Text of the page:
Film as Experience: Live Documentary with Sam Green

Tue, 12/02/2014 - 7:00pm
DCTV, 87 Lafayette Street, NYC

Doors 6:30pm | Event 7pm | No admittance after 7:30pm

After coining the term "live documentary," Oscar-nominated filmmaker Sam Green has been proving that filmmaking is as fluid of an artistic medium as any other, and that film is perhaps best experienced rather than consumed.

With his most recent works, Sam Green walks onto a stage and narrates his films while imagery that he cues is projected behind him and an original score is performed live by a band. It's cinematic. It's performative. It's a collective experience that can only be absorbed in person. And it's not every day that The New York Times writes an article about you entitled "Sundance: The One Filmmaker Who Doesn’t Want a Distribution Deal," in which you declare, “We’re not going to stream it on Netflix. You have to see it live.”

Through a candid discussion, Sam Green will start off this intimate evening sharing some of his more "traditional" films, including the Academy Award-nominated documentary feature The Weather Underground, and then how and why he moved into a new live form, how his work has changed, and what its significance is in the context of documentary today.

Sam Green

Sam Green received his Master’s Degree in Journalism from University of California Berkeley, where he studied documentary with acclaimed filmmaker Marlon Riggs.

His most recent projects are the “live documentaries” The Measure of All Things (2014), The Love Song of R. Buckminster Fuller (with Yo La Tengo) (2012), and Utopia in Four Movements (2010). All of these works are performed live, with Green narrating in-person and musicians performing a live soundtrack.

Green’s 2004 feature-length film, the Academy Award-nominated documentary The Weather Underground, tells the story of a group of radical young women and men who tried to violently overthrow the United States government during the late 1960s and 70s. The film premiered at the Sundance Film Festival, was broadcast on PBS, included in the Whitney Biennial, and has screened widely around the world.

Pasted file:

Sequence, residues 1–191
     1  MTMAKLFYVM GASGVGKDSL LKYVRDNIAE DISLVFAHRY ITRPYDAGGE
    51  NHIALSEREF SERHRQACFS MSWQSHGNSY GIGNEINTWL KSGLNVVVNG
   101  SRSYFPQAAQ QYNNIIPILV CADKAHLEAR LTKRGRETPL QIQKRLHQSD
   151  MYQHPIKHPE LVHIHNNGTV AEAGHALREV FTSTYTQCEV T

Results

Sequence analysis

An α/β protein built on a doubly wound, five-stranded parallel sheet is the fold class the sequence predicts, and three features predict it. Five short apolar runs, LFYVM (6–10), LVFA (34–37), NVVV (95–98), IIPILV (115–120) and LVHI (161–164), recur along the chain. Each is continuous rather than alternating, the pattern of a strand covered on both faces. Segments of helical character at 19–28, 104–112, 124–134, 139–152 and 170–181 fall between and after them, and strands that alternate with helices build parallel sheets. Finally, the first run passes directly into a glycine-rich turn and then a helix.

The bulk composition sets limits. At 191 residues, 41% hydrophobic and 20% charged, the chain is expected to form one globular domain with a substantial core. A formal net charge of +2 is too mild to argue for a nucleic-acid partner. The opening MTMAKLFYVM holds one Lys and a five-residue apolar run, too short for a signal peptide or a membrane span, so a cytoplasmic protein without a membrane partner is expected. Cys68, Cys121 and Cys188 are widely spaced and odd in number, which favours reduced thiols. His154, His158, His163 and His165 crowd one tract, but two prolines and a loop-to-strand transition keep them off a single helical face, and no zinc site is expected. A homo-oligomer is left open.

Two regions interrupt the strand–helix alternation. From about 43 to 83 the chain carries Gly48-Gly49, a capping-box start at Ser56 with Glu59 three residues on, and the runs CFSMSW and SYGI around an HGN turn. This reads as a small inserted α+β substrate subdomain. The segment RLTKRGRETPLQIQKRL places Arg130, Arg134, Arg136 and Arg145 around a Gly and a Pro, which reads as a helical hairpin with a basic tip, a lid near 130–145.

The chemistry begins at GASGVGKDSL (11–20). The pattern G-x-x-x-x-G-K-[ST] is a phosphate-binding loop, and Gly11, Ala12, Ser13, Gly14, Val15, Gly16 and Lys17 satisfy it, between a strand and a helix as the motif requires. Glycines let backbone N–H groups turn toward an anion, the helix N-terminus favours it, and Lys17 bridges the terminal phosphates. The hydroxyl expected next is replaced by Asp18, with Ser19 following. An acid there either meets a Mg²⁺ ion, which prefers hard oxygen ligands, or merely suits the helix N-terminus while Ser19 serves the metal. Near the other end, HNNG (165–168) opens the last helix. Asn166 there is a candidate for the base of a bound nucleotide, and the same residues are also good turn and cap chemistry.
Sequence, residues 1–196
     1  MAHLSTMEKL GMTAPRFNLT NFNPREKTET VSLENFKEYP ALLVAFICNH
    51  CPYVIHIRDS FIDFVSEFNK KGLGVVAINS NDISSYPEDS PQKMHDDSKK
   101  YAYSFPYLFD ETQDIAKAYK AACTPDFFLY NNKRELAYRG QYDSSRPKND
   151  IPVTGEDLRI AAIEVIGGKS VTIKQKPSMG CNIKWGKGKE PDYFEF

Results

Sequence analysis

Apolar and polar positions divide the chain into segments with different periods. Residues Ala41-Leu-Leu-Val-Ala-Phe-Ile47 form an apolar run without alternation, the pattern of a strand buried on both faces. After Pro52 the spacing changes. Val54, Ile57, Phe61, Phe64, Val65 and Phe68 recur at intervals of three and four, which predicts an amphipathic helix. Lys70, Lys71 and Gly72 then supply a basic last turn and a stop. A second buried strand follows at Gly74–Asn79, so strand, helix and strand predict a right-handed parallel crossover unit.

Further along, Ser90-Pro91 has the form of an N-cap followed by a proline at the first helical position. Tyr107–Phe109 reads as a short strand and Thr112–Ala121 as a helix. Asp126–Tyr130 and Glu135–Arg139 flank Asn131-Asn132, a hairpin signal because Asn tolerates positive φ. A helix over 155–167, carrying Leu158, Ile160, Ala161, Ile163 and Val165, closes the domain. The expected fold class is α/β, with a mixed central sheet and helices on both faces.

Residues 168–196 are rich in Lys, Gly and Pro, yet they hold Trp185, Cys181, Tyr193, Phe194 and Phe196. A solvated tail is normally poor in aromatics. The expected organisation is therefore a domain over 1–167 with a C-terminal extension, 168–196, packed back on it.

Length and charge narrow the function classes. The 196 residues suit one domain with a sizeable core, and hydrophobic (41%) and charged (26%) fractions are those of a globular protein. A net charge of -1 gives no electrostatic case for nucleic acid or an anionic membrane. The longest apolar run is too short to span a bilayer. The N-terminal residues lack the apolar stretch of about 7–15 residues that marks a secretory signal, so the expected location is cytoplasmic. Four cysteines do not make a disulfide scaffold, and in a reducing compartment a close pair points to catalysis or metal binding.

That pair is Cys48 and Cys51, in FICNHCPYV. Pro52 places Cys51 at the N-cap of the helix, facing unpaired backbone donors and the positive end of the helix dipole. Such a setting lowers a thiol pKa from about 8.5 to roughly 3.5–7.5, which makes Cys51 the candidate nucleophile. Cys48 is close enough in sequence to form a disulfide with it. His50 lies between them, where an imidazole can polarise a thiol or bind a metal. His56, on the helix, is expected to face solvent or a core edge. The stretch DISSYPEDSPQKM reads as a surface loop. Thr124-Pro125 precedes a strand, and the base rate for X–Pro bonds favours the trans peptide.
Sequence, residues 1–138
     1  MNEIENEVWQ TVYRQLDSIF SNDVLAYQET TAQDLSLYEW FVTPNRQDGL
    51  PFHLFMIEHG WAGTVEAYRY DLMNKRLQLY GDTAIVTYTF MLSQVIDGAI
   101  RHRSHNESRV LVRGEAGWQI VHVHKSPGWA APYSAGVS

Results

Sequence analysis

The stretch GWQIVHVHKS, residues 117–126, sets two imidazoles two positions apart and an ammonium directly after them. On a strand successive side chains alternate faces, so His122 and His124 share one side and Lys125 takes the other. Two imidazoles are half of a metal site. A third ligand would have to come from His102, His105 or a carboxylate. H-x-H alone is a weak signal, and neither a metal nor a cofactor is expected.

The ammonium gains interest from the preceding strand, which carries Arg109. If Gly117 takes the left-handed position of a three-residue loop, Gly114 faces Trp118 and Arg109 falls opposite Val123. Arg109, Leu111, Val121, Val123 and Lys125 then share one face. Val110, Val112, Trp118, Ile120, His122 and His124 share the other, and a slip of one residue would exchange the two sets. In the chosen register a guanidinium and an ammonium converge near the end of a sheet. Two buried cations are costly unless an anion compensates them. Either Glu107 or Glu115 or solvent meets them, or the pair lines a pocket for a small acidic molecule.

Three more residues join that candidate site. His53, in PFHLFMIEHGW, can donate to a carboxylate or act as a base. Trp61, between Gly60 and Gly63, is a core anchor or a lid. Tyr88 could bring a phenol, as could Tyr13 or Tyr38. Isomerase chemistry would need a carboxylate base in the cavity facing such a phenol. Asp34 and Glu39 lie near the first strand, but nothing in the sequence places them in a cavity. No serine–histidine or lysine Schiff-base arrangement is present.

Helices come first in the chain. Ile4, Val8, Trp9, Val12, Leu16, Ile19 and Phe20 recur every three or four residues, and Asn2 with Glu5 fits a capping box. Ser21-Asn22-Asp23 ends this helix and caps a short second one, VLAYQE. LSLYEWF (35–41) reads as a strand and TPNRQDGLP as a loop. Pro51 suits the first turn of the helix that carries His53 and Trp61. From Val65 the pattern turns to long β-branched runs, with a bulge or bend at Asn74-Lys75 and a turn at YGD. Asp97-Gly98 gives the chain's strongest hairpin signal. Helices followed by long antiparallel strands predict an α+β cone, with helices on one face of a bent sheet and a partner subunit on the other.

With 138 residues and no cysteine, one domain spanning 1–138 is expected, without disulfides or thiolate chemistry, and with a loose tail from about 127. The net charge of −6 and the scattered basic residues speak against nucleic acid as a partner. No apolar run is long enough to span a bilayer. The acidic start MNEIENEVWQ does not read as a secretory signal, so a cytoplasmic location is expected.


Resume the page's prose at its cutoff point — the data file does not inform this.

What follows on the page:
Green’s previous long documentary, The Rainbow Man/John 3:16, follows the bizarre rise and fall of a man who became famous during the 1970s by appearing at thousands of televised sporting events wearing a rainbow wig. The film premiered at the 1997 Sundance Film Festival and has screened at festivals worldwide. “More than an exploration of life, The Rainbow Man is a parable about alienation, the media, and the meaninglessness that often defines American life.” – Trevor Groth, Sundance Film Festival

Green’s short documentaries include lot 63, grave c, Pie Fight ’69 (directed with Christian Bruno), N-Judah 5:30, and The Fabulous Stains: Behind the Movie (directed with Sarah Jacobson).


$10 / DCTV Members
$15 / Partner Members + Students
$20 / General
$30 / General + Discounted DCTV Membership!
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About DCTV: Founded in 1972, DCTV is an established media arts resource for NYC’s independent filmmaking community, providing affordable workshops, production equipment rentals, post-production facilities, a signature screening series, renowned youth programming, and more – all under the same roof as its award-winning documentary production house. DCTV is also the soon-to-be home of the first US documentary-only cinema! DCTV Presents is DCTV's signature screening and event series that highlights innovative and provocative work from the independent filmmaking community. From screening films by emerging artists to hosting master classes led by renowned groundbreakers in the industry, each event offers the public a unique and inclusive opportunity to share, support and embrace truly independent art.

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